Padre Island National Seashore is a protected area located on Padre Island, a long, narrow barrier island along the coast of Texas, United States. The seashore extends for over 70 miles along the Gulf of Mexico and is the longest undeveloped stretch of barrier island in the world.
The seashore is renowned for its pristine beaches, rich wildlife, and diverse habitats, which include sand dunes, grasslands, and tidal flats. Padre Island is a critical nesting ground for the endangered Kemp’s ridley sea turtle, and is one of the few places in the world where visitors can observe sea turtles nesting and hatching on the beach.
It’s A Popular Destination For Outdoor Recreation
In addition to its wildlife, Padre Island National Seashore is also a popular destination for outdoor recreation, with opportunities for camping, hiking, fishing, birdwatching, and beachcombing. The seashore is also home to several historic sites, including the remains of a Spanish shipwreck, as well as several structures built by early settlers on the island.
Visitors to Padre Island National Seashore can enjoy a unique and serene wilderness experience, surrounded by the beauty and diversity of the Gulf of Mexico coast. Whether you’re a nature lover, a beach enthusiast, or simply looking for a peaceful escape, Padre Island National Seashore has something to offer everyone.
7. Palo Alto Battlefield National Historical Park
Distance From Austin: Four hours and 51 minutes (345 miles) via I-37 S & US-77 S.
I spent almost 30 years teaching high school students about the history of America and the world. One of the topics we covered was the Mexican American War which became part of America’s Manifest Destiny. This war helped the United States to expand its territorial holdings from sea to shining sea.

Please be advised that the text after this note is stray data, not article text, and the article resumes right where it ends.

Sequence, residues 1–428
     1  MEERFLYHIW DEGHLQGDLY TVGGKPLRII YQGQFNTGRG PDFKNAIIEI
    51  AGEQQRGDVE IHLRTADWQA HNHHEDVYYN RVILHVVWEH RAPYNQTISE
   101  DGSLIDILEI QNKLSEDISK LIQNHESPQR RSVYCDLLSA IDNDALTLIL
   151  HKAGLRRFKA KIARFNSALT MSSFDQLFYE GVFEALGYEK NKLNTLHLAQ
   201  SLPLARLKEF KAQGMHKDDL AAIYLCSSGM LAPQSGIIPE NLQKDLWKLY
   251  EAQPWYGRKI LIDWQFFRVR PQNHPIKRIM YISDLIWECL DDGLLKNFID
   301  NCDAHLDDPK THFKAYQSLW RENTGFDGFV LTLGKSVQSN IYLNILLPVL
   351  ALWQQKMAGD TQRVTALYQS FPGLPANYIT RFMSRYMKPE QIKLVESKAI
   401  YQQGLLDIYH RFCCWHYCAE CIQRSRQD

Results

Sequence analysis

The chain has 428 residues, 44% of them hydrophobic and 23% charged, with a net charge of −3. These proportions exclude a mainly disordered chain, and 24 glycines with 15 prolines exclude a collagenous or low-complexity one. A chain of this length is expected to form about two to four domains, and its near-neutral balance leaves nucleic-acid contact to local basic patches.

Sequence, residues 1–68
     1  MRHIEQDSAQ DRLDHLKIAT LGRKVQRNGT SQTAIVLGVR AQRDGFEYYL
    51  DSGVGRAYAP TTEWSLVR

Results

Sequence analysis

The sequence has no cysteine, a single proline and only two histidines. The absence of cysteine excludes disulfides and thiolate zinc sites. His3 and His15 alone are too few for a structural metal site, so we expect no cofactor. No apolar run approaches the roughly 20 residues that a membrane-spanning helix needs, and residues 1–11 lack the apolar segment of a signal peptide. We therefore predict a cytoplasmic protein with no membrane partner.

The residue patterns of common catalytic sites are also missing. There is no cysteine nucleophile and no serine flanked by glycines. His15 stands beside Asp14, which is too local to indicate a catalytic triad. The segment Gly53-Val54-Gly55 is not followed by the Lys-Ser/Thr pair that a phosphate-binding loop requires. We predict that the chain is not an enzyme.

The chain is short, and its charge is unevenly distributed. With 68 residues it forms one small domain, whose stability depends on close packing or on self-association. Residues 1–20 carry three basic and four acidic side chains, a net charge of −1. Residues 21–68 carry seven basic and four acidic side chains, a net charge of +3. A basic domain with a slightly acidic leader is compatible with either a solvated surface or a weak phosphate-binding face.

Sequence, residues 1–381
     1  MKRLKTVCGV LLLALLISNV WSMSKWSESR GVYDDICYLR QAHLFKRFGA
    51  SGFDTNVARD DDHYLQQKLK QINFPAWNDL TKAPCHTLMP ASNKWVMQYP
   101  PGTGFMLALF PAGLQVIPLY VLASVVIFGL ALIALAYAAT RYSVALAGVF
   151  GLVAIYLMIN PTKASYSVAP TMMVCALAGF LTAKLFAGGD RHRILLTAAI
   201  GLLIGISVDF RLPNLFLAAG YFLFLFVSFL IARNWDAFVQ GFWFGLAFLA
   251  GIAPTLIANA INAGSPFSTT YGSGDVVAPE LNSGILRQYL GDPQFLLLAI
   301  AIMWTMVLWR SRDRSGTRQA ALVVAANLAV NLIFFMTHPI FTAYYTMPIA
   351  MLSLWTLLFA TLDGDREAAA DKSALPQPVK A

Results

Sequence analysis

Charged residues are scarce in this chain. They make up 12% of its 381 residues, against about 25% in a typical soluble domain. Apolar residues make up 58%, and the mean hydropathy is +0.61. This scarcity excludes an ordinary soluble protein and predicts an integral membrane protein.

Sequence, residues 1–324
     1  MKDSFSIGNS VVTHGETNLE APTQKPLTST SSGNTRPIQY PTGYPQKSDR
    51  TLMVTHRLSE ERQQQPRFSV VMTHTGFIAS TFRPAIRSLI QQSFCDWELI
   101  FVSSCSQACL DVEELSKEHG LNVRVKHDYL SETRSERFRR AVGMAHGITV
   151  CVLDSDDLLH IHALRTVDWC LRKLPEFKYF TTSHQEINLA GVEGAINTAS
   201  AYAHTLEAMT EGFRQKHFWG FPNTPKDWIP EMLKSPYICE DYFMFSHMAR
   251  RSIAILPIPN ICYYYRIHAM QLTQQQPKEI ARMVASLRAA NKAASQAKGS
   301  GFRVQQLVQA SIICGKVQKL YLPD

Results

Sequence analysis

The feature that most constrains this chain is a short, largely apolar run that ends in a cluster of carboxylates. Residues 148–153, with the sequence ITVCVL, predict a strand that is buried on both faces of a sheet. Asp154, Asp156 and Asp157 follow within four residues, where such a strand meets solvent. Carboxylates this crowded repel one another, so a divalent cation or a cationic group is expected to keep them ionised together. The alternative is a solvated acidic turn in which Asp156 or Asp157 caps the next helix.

This war helped the United States to expand its territorial holdings from sea to shining sea. If you want to learn more about this important chapter in American History then I recommend A Glorious Defeat: Mexico and Its War with the United States by Timothy Henderson.
It’s The Site Of The First Major Battle Of The Mexican-American War
Palo Alto Battlefield National Historical Park is the site of the first major battle of the U.S.-Mexican War. Visitors can experience a landscape almost as it existed on the day of the battle. The park enjoys the unique distinction of being the only National Park Service unit to interpret the U.S.-Mexican War. (Source: NPS)
I recommend that you begin your visit at the Visitor Center and pick up a park brochure and trail guide. From there you will discover outdoor adventures which include:
- Hiking the battlefield trail which is a half-mile walk. Along the way you will see a landscape very much like the one experienced by soldiers in 1846.